Here is a list of things to consider in order to better manage money:
Sort out finances
The first step is to map out all financial transactions. Collect all recurring bills and recent receipts and list other non-negotiable expenses. Look over all bills and check how much is spent on average and try to find a way to decrease those expenses.
For instance, if electricity bills are too high, determine whether it’s the provider’s fees or the consumption that’s the problem, then work out ways to decrease, if possible.
There may also be recurring but unnecessary things that add up. For instance, several bank fees for owning multiple credit cards. Having a back-up card is fine in cases of emergency, but having too multiple credit cards can increase the temptation to spend money.
Create a budget plan
There are multiple tools that can help prepare a budget. It doesn’t matter if the preferred method is through a mobile application, a spreadsheet, or pen and paper, what’s important is that all expenses are written down.
Group the same type of expenses together and make sure to write both a total and breakdown of each. For example, bus, train, petrol and car maintenance all fall under ‘Transportation.’
The Australian Securities and Investments Commission (ASIC) has a free budget and spending tracker mobile app aimed at helping people meet savings goals.
Pay yourself first
Here’s the thing: you work hard to make a living but there are so many expenses waiting to be paid as soon as you get your pay cheque. It’s tempting to curl up in a corner to cry when there’s barely enough left after expenses, but there’s a way to avoid this scenario.
It makes sense to pay yourself first. It means setting aside a percentage or specific amount from each pay cheque for savings before paying anything else.
For example, $10 may be set aside for every $200 earned. There is also a 52-week challenge that begins with a dollar that increments by an additional dollar each week.
So that would be $1 on the first week, $2 on the second, and so on until you set aside $52 on the 52nd week (1 year). After completing the challenge, the total savings would amount to $1,378.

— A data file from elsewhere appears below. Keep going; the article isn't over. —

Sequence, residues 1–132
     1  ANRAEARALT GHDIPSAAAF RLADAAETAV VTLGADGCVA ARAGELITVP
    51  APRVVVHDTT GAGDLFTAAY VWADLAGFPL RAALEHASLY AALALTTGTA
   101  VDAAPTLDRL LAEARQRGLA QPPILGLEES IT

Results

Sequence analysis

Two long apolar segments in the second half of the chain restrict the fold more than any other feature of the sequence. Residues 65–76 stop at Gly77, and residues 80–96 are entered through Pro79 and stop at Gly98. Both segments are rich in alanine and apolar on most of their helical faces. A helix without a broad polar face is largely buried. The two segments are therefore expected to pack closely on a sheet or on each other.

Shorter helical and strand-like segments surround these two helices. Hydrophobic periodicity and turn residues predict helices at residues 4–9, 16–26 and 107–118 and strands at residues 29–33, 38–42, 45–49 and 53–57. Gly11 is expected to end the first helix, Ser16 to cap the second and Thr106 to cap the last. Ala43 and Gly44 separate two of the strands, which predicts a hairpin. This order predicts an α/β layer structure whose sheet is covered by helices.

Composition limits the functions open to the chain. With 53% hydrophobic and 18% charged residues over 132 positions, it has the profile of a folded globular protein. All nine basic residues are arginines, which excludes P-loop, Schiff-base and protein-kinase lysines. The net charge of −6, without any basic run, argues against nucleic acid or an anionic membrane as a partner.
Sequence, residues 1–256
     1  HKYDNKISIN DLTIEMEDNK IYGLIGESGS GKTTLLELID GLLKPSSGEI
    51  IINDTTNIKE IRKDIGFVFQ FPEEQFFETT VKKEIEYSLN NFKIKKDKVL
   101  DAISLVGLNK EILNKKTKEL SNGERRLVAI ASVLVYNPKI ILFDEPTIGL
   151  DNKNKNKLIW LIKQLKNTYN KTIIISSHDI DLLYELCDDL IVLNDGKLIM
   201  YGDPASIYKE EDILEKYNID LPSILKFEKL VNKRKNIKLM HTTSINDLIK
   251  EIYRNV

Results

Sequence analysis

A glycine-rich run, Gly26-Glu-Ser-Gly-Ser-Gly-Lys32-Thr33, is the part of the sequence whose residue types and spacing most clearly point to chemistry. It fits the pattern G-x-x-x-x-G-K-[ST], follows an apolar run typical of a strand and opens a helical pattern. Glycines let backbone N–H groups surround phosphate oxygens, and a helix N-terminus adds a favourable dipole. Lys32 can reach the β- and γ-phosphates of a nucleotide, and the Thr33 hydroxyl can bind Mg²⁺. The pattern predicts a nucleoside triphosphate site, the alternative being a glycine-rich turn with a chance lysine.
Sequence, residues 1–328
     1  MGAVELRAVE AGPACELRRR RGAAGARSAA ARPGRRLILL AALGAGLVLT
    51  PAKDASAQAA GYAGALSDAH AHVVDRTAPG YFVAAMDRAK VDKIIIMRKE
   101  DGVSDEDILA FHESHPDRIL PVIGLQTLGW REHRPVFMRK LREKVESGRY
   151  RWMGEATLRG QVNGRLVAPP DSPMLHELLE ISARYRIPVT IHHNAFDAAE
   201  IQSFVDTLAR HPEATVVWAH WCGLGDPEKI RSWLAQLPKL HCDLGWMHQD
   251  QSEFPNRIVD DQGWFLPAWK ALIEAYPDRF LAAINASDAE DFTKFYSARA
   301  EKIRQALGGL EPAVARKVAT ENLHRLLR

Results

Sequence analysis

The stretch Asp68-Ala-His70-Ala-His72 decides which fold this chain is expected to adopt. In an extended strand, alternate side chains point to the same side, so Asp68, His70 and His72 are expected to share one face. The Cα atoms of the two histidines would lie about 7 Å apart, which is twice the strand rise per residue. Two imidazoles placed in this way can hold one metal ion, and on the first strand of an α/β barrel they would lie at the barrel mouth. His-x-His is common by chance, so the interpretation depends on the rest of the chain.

Sometimes this is difficult especially if bills pile up, but prioritising one’s needs is also important. If this gets in the way of paying bills, talk to providers to allow installment payments without incurring interest.
Make smarter spending choices
Making smarter choices doesn’t only affect how money is spent, it can also positively affect one’s lifestyle.
For instance, taking the bus even if the stop is a five-minute walk away instead of flagging a cab everyday could result in decreased transportation expenses. The walk could also help avoid living a sedentary lifestyle.
Another way is to pack lunch instead of frequently buying food at the nearest cafe.
When buying groceries to stock up on items, compare brands and prices instead of just choosing whichever is convenient or popular. Comparison shopping can help determine the best price for each item. Two stores may sell the same item at different prices, with the more convenient store selling at a slightly higher price. Just make sure that the cost of transportation in search of cheaper items do not exceed the total savings.
Make a list of necessary items and jot down prices when shopping. Try to buy groceries after a meal to avoid grabbing unnecessary items.
Develop an ’allergy’ to debt
It’s not just credit card debt, but debt in all its forms and at whatever value that should be avoided, wherever possible. Only turn to debt when necessary and make sure to pay back in full. The obvious exception is when purchasing things like houses, in which case avoiding debt is very difficult and as such, borrowers should have a debt-management and repayment strategy in place.
Think hard before purchasing any item. Pay in cash that is left for spending after paying yourself and all the bills.
It may not be convenient but it is important to live within one’s means.
Avoid debt by minimising the number of activities that lead to overblown expenses. For instance, schedule fancy dinners with friends monthly instead of weekly. For other nights out, consider trying out smaller restaurants for a gastronomic adventure.
Open an untouchable savings account
Open up separate bank accounts for an emergency fund and personal savings.
The emergency account should be inaccessible unless a real emergency occurs and deposited money should not count as part of personal savings. When there’s enough money saved to cover at least 6 months’ worth of living expenses, excess savings may be diverted to a growth fund such as a time deposit or investment account.
Make sure that these accounts are not completely locked and that accessibility is not an issue—a steady cycle of short-term investments would be appropriate.
Why is this important when I’m a rock star at my very stable job?
Having a job with benefits and a superannuation with nice, stable investments may seem like a free pass to spend, but accidents or unemployment could happen anytime, whether expected or unexpected. These events do not choose victims or have proper timing, so proper money management can be a valuable safety net.
This information has been sourced from ASIC’s Moneysmart and Nest Egg.